Big Society: planning your own opposition?
Much is being made of the current crises amongst proponents of the Big Society. The truth that big societies need big pots of cash and/or big government assistance is becoming clear for all to see. But did Cameron’s Big Idea represent more than just a phoney piece of PR to calm the fears of those on the sharp end?
It occurred to me as a possibility only a week ago: what if the Big Society was in fact a sort of game to brand your own opposition as part of your own game plan? I was reflecting on the sense that current activism seems so at odds with Autonomist attitudes and activities – the usual fare of “get the state off the back of my community” sentiment more common on the European Mainland that distinguishes itself from the tea party only in its commitment to collectivism rather than individualism.
Bizarre and twisted though it might be, this is essentially only a few steps on from the established truth: the state must be scaled back because of the deficit, and in its place the Big Society will step in and provide many functions through volunteering and philanthropy.
But it has long been a part of IMF debt restructuring plans that countries must put down any opposition to the bitter medicine of freeing markets to external private investors at the expense of the public good or removal of services accompanied by mass redundancy. This government is basically implementing a Structural Adjustment Program all of its own, inspired by the rhetoric that the IMF usually uses to enforce by anger what in Britain’s case a sovereign government has managed to do.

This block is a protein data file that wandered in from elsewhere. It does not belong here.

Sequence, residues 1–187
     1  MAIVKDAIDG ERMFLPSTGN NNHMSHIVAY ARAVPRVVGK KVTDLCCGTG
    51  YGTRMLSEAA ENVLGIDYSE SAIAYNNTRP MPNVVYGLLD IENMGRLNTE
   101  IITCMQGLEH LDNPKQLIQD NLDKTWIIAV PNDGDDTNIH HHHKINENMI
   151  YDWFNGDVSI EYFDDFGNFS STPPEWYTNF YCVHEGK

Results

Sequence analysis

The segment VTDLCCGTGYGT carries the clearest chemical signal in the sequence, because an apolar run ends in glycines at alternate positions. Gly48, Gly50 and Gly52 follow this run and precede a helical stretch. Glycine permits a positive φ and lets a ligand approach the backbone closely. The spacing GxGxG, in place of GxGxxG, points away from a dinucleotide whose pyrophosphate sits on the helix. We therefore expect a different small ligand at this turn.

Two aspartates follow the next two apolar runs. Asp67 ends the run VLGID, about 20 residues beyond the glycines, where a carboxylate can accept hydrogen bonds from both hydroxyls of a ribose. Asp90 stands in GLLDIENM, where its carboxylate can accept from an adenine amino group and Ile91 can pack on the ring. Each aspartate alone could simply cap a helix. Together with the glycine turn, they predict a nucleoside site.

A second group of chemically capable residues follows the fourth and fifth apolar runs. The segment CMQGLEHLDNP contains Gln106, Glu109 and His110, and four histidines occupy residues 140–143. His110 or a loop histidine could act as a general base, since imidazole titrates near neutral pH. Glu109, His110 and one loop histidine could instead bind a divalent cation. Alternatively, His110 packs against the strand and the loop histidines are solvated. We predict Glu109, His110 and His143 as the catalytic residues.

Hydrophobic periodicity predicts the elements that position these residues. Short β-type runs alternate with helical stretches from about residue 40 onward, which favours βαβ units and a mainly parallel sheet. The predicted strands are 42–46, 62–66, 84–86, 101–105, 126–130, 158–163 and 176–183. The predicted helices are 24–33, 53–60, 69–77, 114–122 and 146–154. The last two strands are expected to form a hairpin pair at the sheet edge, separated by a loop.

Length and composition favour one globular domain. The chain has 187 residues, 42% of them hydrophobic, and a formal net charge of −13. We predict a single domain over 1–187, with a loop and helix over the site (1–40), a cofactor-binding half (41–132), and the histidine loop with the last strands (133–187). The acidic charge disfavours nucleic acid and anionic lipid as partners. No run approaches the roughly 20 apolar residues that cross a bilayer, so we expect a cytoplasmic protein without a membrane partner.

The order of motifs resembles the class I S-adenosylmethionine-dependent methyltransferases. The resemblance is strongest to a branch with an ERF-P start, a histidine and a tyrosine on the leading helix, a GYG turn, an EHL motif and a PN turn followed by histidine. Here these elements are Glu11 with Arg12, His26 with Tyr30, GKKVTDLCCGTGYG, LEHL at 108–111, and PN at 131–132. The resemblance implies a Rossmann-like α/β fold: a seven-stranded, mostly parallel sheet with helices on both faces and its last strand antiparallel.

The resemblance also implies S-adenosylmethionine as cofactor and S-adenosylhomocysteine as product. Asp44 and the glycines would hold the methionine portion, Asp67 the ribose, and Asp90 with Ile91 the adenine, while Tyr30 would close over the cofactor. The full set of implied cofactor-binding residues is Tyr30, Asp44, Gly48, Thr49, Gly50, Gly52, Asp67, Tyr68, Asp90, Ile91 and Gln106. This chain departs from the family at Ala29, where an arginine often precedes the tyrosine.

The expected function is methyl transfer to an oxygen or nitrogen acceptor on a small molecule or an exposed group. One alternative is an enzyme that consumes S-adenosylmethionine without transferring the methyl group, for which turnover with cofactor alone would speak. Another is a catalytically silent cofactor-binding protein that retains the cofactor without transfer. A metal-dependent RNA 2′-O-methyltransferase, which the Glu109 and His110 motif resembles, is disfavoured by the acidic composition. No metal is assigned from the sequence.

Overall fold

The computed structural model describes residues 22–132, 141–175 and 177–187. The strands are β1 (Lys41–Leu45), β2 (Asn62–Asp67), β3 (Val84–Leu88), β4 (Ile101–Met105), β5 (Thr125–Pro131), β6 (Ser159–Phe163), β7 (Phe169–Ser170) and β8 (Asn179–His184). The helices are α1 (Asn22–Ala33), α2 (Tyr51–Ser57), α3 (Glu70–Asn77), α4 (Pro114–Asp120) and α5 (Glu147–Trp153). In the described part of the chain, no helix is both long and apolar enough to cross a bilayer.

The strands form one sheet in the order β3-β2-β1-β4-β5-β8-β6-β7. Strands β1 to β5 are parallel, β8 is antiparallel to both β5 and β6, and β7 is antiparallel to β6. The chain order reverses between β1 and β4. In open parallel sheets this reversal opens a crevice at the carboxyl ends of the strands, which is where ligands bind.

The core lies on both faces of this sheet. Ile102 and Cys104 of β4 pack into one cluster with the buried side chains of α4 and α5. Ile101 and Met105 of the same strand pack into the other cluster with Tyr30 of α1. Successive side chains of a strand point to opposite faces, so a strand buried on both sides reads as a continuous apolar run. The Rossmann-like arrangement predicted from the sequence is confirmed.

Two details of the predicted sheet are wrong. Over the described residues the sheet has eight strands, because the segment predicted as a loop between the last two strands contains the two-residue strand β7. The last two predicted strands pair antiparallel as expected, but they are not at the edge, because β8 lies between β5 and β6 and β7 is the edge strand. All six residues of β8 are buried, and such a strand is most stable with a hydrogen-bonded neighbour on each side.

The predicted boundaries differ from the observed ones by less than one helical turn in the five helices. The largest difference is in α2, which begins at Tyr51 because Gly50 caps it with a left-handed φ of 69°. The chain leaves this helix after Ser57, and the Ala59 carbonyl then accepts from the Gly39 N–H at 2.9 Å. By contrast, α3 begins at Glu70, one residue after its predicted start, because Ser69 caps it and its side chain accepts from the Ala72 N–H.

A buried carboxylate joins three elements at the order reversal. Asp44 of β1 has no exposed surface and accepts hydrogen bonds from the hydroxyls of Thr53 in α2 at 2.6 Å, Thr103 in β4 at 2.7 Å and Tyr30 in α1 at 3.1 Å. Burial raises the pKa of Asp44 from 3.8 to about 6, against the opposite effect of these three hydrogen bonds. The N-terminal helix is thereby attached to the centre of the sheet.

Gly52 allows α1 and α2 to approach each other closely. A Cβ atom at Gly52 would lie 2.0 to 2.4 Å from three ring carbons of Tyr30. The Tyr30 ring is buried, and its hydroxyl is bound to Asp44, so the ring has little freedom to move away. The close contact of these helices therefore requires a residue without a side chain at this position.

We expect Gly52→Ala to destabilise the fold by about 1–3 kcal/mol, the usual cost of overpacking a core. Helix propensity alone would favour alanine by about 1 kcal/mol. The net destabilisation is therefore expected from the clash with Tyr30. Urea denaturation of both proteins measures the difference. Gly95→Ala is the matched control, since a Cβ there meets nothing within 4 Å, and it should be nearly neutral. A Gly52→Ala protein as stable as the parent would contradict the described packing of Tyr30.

If we look at many other countries, the natural result, alongside all the protesting (usually in the form of rioting, hence the term “IMF riot”) has been an underground move of DIY, grassroots, autonomous practical action to address the immediate needs of the society. This has usually done as much to remove the legitimacy of the state, and with it the governing powers, as the street protests themselves. If Cameron and Co, first and foremost PR operatives, have considered the possibility of people reacting angrily to the cuts in services, then creating a way to “own” the resistance politically, to come out in control of the practical backlash, would make sense. Gone are the anarchoesque squats operating as respite care and instead, the government can imprint itself onto any press reports of people pulling together in an attempt to weather the attacks on their lives and livelihoods.
To call the Big Society a fig leaf as many have done is quite possibly too generous. I realise that in some contexts, we need to start by calling it out as a disguise for bad policies, but we must also be mindful of the extent to which we are being prevented from marrying resistance and acts of mercy in the current context.